# Can any compound be a Lewis acid but not be a Brønsted acid?

Is it possible for a compound to act as a Lewis acid but NOT act as a Brønsted acid? When would this happen? Could you please give a few examples where/why this happens ?

Certainly. There are many compounds that can accept a pair of electrons from a Lewis base, yet don't have any Brønsted-Lowry acid (proton) moiety. The two are really rather different things, although there are of course many compounds that are both Lewis and Brønsted-Lowry acids ($\ce{Al(OH)3}$ for example).

Some examples of Lewis acids that are not also Brønsted-Lowry include:

$\ce{BF3}$
$\ce{(CH3)3B}$
$\ce{AlCl3}$
Metal cations like $\ce{Li+}$, $\ce{Na+}$, $\ce{Mg^2+}$, etc.

• Water isn't Lewis acid - it would need to make an adduct where it would accept electron pair. Normal action as proton donor is an exchange of base in adduct. It seems it's sometimes considered as you are doing it but I think it shouldn't be. – Mithoron May 1 '17 at 19:26
• Although I've always seen water to be considered as a Lewis acid and considered it as such, technically, I think you're probably right. Even though water is in equilibrium with the strong lewis acid $\ce{H+}$, that still isn't the same as $\ce{H2O}$. I figured my answer would be better without a controversial (or possibly wrong) example and changed it to a more certain example. Thx for the input. – airhuff May 1 '17 at 19:47
• Yeah, if there's only one other guy connected with post it pings him. If someone isn't connected even @ doesn't work. – Mithoron May 1 '17 at 19:51
• @ airhuff What about HCl? – devb May 2 '17 at 1:35
• @Nightshade , HCl is a Brønsted–Lowry acid, as it readily donates it's proton. – airhuff May 2 '17 at 2:02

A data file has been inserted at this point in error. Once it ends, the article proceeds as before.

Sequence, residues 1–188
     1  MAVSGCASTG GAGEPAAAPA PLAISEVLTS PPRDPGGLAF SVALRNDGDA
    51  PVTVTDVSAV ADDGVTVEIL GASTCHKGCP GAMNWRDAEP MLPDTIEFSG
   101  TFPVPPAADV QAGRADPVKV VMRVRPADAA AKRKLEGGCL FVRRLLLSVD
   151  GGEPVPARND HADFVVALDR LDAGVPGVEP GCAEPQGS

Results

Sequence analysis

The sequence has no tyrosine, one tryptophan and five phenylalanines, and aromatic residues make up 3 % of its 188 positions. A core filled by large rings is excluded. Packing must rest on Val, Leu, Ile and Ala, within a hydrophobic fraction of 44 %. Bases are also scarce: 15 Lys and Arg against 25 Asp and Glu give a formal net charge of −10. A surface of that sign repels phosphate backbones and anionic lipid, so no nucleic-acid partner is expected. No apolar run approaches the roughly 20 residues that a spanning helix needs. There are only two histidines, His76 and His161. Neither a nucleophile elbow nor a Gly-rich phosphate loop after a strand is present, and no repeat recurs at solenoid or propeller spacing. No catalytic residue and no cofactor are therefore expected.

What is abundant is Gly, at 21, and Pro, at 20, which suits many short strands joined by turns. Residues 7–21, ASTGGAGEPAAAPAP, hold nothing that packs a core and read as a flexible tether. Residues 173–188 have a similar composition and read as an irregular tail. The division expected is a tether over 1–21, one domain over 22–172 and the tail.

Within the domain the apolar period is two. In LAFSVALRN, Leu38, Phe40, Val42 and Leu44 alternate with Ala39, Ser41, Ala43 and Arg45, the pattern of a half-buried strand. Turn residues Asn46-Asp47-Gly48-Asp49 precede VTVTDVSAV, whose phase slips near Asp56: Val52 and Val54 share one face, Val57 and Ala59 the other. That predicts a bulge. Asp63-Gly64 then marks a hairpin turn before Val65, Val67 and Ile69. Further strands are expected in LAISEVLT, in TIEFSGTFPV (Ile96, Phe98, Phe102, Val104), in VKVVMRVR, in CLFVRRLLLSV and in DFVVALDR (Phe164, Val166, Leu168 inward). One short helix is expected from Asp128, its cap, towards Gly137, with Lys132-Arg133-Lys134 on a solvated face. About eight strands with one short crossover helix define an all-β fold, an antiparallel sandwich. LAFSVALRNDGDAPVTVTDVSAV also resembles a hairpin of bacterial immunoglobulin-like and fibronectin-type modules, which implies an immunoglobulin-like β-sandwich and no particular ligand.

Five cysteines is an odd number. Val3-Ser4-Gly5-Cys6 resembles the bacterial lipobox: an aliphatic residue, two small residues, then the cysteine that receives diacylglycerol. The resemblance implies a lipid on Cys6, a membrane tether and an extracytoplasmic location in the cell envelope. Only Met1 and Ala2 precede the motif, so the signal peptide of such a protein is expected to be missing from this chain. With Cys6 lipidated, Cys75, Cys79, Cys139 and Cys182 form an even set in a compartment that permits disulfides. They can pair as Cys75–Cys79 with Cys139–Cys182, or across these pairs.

In addition to above nice answers, there is a trick that can be used to confuse students: A compound for example $\ce{Al2O3}$;

It can acts as a Lewis acid and Brønsted base but not as Brønsted acid

Consider these reactions:

Recall the Lewis Theory of acids and bases which states that an acid is an electron pair acceptor and a base is an electron pair donor.

Applying the theory to $\ce{Al2O3}$:

$$\ce{Al3+(aq) + 6 H2O(l) <=> Al(H2O)6^3+(aq)~~~~~~~(1)}$$

Thus, in (1) the $\ce{Al(H2O)6^3+}$ ion is formed when an $\ce{Al^3+}$ ion acting as a Lewis acid picks up six pairs of electrons from neighbouring water molecules acting as Lewis bases to give an acid-base complex, or complex ion

the Brønsted-Lowry theory is also observed:

$$\ce{Al2O3 + 6H+ -> 2Al^3+ + H2O~~~~~~~(2) a typical Brønsted-Lowry base }$$

The compound accepts the proton

This compound somewhat behaves as both a Lewis acid and Bonsted-Lowry base but not a Brønsted-Lowry acid.

Clearly, the compound cannot be considered to be Brønsted-Lowry acid since the compound in question has no protons to donate.

There is also boric acid which is electron deficient but instead of donating a proton it accepts hydroxyl ions.